About Us | Help Videos | Contact Us | Subscriptions



This article in JEQ

  1. Vol. 37 No. 2, p. 551-556
    Received: Sept 26, 2006

    * Corresponding author(s): april.hiscox@uconn.edu
Request Permissions


Near-Field Dust Exposure from Cotton Field Tilling and Harvesting

  1. April L. Hiscox *a,
  2. David R. Millera,
  3. Britt A. Holménb,
  4. Wenli Yangc and
  5. Junming Wangd
  1. a Natural Resources Management and Engineering, The Univ. of Connecticut, 1376 Storrs Rd. U-4087, Storrs, CT 06269
    b School of Engineering, The Univ. of Vermont, Votey Bldg. Rm. 213B, Burlington, VT 05405
    c Crocker Nuclear Lab., One Shields Ave., Univ. of California, Davis, CA 95616
    d Plant and Environmental Sciences, New Mexico State Univ., Dep. 3Q, Las Cruces, NM 88003


The frequency and intensities of dust exposures in and near farm fields, which potentially contribute to high intensity human exposure events, are undocumented due to the transient nature of local dust plumes and the difficulties of making accurate concentration measurements. The objective of this study is to measure near-field spatial concentrations of the dust plumes emitted during tilling and harvesting of an irrigated cotton field outside of Las Cruces, NM (soil class: fine-loamy, mixed, superactive, thermic Typic Calciargid). A comparison of remote lidar measurements of plumes emitted from cotton field operations with in situ samplers shows a strong agreement between the two techniques: r 2 = 0.79 for total suspended particulates (TSP) and r 2 = 0.61 for particulate matter with diameter less than or equal to 10 μm (PM10). Plume movement was dependent on the short-term wind field and atmospheric stability. Horizontal spread rate of the plumes, determined from lidar measured Gaussian dispersion parameters, was less than expected by a factor of 7. Thus, in-plume downwind concentrations were higher than expected. Vertical dispersion was dependent on the rise of “cells” of warm air convecting off the soil surface. On a windy day, discing the field showed TSP and PM10 concentrations at the source itself of up to 176 μg m−3 and 120 μg m−3, respectively. These resulted in in-plume peak TSP concentrations of about 1.22 μg m−3 at 10 m downwind and 0.33 μg m−3 at 100 m downwind. The measured concentrations highlight a potential exposure risk to people in and around farming operations.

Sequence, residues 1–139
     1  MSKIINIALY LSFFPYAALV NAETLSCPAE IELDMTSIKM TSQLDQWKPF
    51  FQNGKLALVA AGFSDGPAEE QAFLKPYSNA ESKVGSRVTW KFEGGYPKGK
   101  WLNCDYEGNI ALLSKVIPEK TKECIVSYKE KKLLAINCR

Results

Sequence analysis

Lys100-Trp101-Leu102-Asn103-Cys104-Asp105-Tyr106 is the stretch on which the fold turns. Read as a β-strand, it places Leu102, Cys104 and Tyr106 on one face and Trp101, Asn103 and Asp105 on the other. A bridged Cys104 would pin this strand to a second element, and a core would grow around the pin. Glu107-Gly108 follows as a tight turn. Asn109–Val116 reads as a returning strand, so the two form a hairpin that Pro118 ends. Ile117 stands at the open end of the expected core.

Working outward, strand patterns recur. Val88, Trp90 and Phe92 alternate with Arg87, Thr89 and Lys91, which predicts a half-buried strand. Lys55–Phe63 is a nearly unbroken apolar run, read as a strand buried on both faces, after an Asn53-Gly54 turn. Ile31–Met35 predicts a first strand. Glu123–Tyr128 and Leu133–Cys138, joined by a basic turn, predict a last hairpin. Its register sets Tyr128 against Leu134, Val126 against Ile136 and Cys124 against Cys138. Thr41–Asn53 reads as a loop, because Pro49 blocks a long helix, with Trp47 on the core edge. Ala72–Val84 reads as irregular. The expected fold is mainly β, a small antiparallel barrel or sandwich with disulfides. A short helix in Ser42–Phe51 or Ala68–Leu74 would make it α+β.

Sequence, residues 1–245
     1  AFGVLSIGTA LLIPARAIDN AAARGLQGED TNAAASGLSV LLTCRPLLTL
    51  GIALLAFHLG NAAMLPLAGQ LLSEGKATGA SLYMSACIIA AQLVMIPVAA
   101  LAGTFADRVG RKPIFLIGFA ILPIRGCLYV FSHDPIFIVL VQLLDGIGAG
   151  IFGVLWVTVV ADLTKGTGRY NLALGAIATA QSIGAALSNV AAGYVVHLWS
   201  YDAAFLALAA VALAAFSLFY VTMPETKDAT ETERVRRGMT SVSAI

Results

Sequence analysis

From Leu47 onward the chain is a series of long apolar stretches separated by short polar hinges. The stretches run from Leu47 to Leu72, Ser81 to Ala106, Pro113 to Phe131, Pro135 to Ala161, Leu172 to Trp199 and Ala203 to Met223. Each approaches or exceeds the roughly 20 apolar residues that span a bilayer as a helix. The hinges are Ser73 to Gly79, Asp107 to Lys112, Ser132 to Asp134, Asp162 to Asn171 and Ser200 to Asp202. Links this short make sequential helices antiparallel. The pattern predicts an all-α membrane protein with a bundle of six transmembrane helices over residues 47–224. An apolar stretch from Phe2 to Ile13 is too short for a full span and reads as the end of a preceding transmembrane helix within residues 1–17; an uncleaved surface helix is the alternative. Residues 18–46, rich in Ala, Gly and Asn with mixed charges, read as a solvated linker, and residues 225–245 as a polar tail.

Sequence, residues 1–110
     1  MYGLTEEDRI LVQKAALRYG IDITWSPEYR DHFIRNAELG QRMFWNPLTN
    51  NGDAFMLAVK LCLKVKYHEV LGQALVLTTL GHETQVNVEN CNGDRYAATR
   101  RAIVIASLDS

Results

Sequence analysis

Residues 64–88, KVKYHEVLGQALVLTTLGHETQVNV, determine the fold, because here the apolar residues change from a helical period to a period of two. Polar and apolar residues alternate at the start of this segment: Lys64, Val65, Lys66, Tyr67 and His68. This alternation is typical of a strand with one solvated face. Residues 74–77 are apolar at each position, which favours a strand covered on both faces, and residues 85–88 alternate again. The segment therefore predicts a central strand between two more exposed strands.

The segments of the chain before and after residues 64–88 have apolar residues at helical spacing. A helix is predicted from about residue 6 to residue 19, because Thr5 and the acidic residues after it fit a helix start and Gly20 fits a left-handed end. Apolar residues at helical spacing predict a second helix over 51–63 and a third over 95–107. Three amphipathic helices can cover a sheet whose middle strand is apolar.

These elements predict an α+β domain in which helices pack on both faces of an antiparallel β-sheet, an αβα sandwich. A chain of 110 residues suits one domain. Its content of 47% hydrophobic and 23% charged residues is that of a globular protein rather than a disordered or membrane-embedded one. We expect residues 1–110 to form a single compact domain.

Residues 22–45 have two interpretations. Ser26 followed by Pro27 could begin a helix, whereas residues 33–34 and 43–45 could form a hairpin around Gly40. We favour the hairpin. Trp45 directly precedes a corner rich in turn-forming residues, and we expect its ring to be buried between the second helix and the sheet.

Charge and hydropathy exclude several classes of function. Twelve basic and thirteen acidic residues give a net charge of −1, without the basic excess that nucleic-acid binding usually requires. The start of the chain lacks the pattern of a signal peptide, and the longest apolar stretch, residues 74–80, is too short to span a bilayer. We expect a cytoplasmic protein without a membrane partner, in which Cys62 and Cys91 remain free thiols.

Please view the pdf by using the Full Text (PDF) link under 'View' to the left.

Copyright © 2008. American Society of Agronomy, Crop Science Society of America, Soil Science SocietyAmerican Society of Agronomy, Crop Science Society of America, and Soil Science Society of America